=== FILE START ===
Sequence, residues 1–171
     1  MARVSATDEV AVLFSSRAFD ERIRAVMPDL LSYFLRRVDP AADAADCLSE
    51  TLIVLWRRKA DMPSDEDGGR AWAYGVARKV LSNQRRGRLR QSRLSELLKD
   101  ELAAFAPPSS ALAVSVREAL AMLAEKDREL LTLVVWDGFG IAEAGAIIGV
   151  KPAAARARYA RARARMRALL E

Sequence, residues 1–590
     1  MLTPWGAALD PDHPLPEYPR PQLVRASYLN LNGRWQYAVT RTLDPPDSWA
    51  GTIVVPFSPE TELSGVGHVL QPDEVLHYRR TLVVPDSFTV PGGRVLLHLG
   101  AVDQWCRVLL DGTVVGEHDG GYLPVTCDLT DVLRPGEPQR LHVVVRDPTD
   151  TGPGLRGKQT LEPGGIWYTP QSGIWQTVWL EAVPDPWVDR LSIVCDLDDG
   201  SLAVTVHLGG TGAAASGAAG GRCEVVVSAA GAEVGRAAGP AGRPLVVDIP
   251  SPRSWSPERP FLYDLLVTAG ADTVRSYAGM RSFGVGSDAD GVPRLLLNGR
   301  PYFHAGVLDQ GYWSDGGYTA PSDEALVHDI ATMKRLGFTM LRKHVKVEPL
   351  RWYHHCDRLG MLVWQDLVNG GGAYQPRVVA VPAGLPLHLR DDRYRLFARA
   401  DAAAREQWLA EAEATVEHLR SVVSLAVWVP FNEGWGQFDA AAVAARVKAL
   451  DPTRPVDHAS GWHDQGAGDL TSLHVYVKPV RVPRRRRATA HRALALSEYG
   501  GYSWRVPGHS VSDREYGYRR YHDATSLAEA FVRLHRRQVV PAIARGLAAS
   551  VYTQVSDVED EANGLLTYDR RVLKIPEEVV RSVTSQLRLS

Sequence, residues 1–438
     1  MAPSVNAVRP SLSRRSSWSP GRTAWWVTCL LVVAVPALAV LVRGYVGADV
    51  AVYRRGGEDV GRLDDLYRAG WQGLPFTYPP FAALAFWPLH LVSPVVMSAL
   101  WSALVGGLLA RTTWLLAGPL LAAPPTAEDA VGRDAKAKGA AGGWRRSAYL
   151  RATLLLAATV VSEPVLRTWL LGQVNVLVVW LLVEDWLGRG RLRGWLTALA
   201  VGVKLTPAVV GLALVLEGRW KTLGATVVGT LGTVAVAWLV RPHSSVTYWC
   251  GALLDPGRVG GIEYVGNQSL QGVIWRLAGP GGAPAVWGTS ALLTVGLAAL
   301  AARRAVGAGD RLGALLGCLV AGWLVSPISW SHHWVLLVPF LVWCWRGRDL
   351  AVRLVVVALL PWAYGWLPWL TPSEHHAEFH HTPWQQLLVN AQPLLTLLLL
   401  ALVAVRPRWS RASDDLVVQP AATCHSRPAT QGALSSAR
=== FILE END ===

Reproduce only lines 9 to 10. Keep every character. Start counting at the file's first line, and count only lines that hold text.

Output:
   101  AVDQWCRVLL DGTVVGEHDG GYLPVTCDLT DVLRPGEPQR LHVVVRDPTD
   151  TGPGLRGKQT LEPGGIWYTP QSGIWQTVWL EAVPDPWVDR LSIVCDLDDG